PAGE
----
Hyde Park, New York
The school's largest and primary campus operates four public restaurants for students to gain experience. Food served at the American Bounty Restaurant highlights Hudson Valley produce and is prepared in the style of cuisines of the Americas. The Bocuse Restaurant serves traditional French food using modern techniques. It was the first of the school's restaurants, and opened as the Epicurean Room and Rabalais Grill in 1973, before being renamed the Escoffier Restaurant (after Auguste Escoffier) in 1974. In 2012 it was again renamed to honor Paul Bocuse, and given a $3 million renovation by Adam Tihany. The Ristorante Caterina de' Medici is a restaurant with a focus on Italian food. The Apple Pie Bakery Café has a casual atmosphere.
The school also frequently creates on-campus pop-up restaurants, including Post Road Brew House. The second of the campus' pop-ups, the gastropub opened in February 2016 in the General Foods Nutrition Center (formerly St. Andrew's Cafe).
Napa County, California
The CIA has two campuses in Napa County, California. The campus in St. Helena is known as the Culinary Institute of America at Greystone; the other campus, in the city of Napa, is known as the Culinary Institute of America at Copia. The Greystone campus runs associate degree programs, certificate programs, continuing education courses, and custom classes. The Rudd Center for Professional Wine Studies runs wine instruction classes and a certification program for wine professionals.
The campus also operates two restaurants. The Gatehouse Restaurant offers contemporary dishes using regional ingredients, and the Bakery Café by illy serves food prepared by students in the college's baking and pastry arts degree program. The campus formerly operated the Conservatory Restaurant, which was run by students of the Farm-to-Table concentration of the bachelor's degree program.
The Copia campus was purchased in 2015. The building and grounds were formerly Copia, a museum in downtown Napa that operated from 2001 to 2008. The campus opened in 2016 as the Culinary Institute of America at Copia, to house the CIA's new Food Business School and includes a restaurant, the Restaurant at CIA Copia. Copia also holds food and wine events, classes, and conferences and seminars throughout the year, including the Worlds of Flavor International Conference & Festival.
San Antonio, Texas
The San Antonio campus is located in Downtown San Antonio's Pearl Brewery, and runs associate degree programs in culinary arts and baking and pastry arts, as well as programs for professionals and food enthusiasts. The campus' restaurant, Savor, serves dishes inspired by ingredients and techniques from around the world. The campus also hosts seminars and conferences for foodservice professionals.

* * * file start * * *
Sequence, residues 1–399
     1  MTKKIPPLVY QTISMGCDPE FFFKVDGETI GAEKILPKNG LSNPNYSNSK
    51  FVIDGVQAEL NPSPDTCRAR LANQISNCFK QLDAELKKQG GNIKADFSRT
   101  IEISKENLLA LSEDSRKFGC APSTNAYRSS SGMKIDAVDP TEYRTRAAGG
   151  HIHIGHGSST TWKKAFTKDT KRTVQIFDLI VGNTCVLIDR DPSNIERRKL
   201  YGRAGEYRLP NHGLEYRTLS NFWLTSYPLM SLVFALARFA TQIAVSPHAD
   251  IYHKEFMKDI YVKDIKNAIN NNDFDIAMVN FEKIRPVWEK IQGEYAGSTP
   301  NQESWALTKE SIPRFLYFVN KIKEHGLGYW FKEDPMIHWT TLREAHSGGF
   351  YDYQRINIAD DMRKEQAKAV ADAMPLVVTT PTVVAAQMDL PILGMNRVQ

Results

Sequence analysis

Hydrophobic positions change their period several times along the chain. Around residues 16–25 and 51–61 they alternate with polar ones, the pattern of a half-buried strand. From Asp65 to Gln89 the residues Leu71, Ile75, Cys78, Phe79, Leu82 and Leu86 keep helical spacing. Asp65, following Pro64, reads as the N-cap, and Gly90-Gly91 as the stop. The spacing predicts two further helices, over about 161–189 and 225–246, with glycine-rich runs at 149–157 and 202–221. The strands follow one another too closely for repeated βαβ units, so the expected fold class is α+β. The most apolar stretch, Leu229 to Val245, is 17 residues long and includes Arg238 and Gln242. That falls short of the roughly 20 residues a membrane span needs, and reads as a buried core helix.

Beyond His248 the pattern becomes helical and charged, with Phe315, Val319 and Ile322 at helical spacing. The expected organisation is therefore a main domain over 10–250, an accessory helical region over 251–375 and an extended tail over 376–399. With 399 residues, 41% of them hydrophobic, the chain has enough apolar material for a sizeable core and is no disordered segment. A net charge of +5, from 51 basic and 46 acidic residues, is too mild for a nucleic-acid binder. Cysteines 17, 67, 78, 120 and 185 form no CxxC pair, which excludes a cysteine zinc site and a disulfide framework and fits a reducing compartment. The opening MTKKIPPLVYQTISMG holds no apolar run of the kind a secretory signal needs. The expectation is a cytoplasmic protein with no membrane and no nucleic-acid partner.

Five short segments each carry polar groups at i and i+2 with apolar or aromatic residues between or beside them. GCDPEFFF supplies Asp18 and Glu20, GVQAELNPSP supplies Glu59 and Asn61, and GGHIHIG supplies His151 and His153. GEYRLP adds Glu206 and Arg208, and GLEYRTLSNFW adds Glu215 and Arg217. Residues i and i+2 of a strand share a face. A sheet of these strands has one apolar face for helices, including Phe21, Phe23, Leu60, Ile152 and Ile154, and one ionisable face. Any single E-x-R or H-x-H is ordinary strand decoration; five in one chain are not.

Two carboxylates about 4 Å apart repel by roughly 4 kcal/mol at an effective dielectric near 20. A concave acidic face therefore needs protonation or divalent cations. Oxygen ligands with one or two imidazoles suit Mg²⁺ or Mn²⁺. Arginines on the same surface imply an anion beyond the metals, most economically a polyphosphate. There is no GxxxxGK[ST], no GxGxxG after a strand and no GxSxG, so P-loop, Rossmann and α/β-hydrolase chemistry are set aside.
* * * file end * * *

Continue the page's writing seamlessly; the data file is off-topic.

The Culinary Institute of America, with the Singapore Institute of Technology and Temasek Polytechnic, runs its bachelor's degree program in Culinary Arts Management in Singapore to graduates of Polytechnic institutions who have earned diplomas in hospitality, tourism, or culinary arts. Temasek Polytechnic and the CIA constructed a 30,000-square-foot (2,800 m2) educational facility with three teaching kitchens to house the programs.
Organization and administration
The Culinary Institute of America is a nonprofit organization[a] governed by a 24-member board of trustees. These trustees are elected to three-year terms by the Members of the Corporation, the stakeholders of the CIA. Each trustee can serve a maximum of four terms. The board appoints the president and votes on major initiatives for operation of the college, including tuition and fees, nomination of new trustees, operating and capital budgets, planning, major construction projects, and bylaw changes and amendments.: 87 The school's board of trustees has 24 members, including Ralph Brennan, Fred Carl, Jr., Thomas Keller, Michael Mina, Robert A. Muh, Charlie Palmer, Roy Yamaguchi, and chairman Jon L. Luther.
The college's president is L. Timothy Ryan, a graduate of the school and its fifth president. The president's cabinet consists of seven vice presidents, the campus's provost, and its chief of staff.: ii  There is proportionately a large number of departments, for operating various functions related to foodservice classes and restaurants.: ii